A Day in the Writing Life of … Louise Cusack

Welcome, Louise and thank you for participating on our blog.  Louise Cusack is an International award winning fantasy author whose best-selling Shadow through Time trilogy was selected by the Doubleday book club as their ‘Editors Choice’. 

What time of the day do you write? Are you a morning, night-owl or anytime writer?   Definitely a morning person.  I’m up at 5am most days and have a whole calm-centre thing that takes up the next couple of hours (walking the esplanade, meditating, gratitude journal) but I’m usually in front of the computer by 8am.  I use the Pomodoro Technique to ensure I get regular breaks, and I have a fetish for washing linen (it’s relaxing and I love the smell of clean washing) so that helps break up my day and provide good thinking time.  I also make a lot of vegetarian meals from scratch, which is time consuming, and I garden, so they’re all good ways to keep story unravelling in the back of my mind so it’s ready to download when my fingers hit the keyboard.

Where do you write? Do you have your own special place? Does the location vary?     I work in a study that overlooks the Coral Sea, so the soundtrack of my day is waves rolling onto volcanic rocks.  The (usually) gentle whooshing is like white-noise that mutes out everything else (lawn mowers, dogs barking, cars) and it’s also good for my vision to stop writing every ten minutes or so and relax my eyes by looking beyond my computer to the sun sparkling on the water.  I moved up the Qld coast from Brisbane last year for a sea change and haven’t regretted it once!

Are there any particular rituals you do to set the mood / harness your muse?   I’m a note-maker, so if anything comes up that’s not related to the manuscript, I add it to a To Do list.  That way my mind is empty of everything but story when I sit down to write.  Muse is something I can’t control, so my commitment is simply to be in front of the computer.  I don’t try to evoke anything.  I just do my half of the deal which is “showing up” and I expect/hope my muse does his/her half and inspires me.

Do you spend much time reading over the previous day’s work?   I tend to re-read the last couple of pages I wrote the day before, to get myself back into the viewpoint of the character I’m writing, then I just dive in.  Since I’ve been living at the beach I’ve doubled my weekly draft wordcount, and I’m pretty thrilled about that.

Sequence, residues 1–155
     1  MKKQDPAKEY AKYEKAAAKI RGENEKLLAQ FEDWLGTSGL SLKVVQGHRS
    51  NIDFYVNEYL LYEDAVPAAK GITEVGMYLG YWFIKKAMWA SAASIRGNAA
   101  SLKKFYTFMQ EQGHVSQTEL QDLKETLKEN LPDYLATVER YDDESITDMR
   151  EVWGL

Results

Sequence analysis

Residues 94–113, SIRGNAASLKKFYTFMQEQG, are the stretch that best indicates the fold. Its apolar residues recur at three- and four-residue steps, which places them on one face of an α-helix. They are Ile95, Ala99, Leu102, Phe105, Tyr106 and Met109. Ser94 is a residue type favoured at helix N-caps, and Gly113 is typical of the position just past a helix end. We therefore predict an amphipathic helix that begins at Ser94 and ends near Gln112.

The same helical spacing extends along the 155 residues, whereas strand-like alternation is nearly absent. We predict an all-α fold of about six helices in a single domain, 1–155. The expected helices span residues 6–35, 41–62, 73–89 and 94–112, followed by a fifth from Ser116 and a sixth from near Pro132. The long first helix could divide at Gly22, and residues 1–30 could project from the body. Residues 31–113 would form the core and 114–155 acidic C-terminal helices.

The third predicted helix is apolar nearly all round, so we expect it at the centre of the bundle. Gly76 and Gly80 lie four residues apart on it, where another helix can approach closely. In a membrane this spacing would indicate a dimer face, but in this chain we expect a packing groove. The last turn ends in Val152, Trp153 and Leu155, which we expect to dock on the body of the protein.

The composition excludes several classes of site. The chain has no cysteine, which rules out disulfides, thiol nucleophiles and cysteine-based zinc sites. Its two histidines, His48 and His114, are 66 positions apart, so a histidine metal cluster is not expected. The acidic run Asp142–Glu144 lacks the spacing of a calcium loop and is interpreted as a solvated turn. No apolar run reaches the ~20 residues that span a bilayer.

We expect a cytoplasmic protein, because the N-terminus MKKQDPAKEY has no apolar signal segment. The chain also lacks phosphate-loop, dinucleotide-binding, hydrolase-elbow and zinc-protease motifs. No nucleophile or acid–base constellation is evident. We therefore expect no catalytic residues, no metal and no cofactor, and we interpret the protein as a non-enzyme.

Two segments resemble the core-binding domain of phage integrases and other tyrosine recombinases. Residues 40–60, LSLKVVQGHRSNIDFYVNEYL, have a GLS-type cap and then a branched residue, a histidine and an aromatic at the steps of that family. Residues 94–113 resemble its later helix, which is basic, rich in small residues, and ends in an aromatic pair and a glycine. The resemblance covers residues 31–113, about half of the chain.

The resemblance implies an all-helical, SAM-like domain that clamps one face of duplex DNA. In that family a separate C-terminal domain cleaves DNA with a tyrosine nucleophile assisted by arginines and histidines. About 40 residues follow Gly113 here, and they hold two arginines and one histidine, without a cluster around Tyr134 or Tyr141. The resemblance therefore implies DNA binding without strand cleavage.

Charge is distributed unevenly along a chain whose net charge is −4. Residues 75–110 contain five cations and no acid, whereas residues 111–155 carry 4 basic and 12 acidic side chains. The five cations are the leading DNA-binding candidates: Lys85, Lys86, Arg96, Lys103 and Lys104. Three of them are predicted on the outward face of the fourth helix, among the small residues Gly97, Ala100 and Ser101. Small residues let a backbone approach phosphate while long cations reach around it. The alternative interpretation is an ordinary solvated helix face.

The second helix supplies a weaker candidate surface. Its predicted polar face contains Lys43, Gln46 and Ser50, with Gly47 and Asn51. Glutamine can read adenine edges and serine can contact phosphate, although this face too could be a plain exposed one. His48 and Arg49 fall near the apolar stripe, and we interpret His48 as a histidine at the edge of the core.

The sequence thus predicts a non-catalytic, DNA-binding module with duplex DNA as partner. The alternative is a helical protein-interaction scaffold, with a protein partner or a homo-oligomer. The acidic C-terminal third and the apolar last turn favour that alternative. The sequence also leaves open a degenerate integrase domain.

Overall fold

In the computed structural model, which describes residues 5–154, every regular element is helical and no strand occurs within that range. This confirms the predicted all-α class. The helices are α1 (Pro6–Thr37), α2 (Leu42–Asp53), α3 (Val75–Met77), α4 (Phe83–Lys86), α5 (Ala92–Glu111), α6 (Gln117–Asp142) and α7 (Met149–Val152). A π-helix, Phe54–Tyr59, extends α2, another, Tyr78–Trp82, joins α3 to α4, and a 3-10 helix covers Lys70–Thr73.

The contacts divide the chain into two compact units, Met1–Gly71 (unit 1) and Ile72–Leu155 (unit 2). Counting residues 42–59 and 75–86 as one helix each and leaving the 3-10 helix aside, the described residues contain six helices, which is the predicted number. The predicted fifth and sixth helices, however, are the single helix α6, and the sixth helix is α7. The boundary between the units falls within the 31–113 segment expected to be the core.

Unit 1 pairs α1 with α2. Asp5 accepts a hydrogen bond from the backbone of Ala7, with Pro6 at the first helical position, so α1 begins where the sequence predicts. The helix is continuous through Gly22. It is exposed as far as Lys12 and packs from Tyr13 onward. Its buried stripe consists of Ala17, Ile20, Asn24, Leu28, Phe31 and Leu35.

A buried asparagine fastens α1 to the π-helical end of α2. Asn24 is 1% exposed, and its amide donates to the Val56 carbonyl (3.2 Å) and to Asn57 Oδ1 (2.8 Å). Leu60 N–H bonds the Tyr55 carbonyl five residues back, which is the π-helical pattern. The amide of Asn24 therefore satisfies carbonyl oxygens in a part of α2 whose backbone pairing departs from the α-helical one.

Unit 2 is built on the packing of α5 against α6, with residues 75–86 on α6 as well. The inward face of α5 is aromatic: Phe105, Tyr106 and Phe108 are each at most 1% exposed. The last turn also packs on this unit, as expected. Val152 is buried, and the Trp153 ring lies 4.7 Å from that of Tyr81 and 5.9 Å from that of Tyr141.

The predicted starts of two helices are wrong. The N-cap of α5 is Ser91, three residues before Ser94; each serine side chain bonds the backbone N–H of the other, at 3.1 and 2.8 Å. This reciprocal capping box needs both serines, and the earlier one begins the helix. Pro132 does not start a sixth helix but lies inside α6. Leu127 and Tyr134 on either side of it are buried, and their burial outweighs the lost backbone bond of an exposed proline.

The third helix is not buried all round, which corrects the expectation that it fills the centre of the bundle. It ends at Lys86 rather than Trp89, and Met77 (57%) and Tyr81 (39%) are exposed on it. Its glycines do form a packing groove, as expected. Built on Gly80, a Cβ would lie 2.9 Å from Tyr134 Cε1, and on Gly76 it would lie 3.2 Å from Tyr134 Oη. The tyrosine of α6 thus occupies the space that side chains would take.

Are you a plotter / planner or a pantser?    I’m a pantser, so I often start with no clue as to what I’m writing.  The last book I wrote began with a girl running into the desert and me thinking “Who are you and what are you running from?”  I had to write on to find out!  Having said that, I usually always have a natural stopping place at about 20-30,000 words, and at that point I take a breath and look at what I’ve got, identifying main characters and their goal/motivation/conflict.  I put that on file cards and keep it next to the computer so I can see it when I’m writing in their viewpoint, keeping their priorities front of mind.

Do you have a schedule that you follow for your writing time?     When I’m writing draft of a new book I try to do only that (no manuscript assessments, workshops or mentoring).  I spend between four and eight hours in front of the computer each day and am happy if I can write 10,000 good words a week.

What writing tools do you favour?      I trained myself to a computer twenty years ago when I started writing, so that comes naturally to me.  However, when I’m thinking about the ‘big picture’ of the story and putting together plot threads etc in my mind to work out what the theme might be and what else is happening in the world (that my viewpoint characters can’t show me) I do that with a notepad and pen, preferably away from where I usually work.  Maybe in a coffee shop.  My brain seems to need to switch into a different mode, and I often think of draft as bumping around a forest getting bark on my nose, then when I take out my notepad and pen I’m in a metaphoric helicopter, rising up to see the shape of the forest.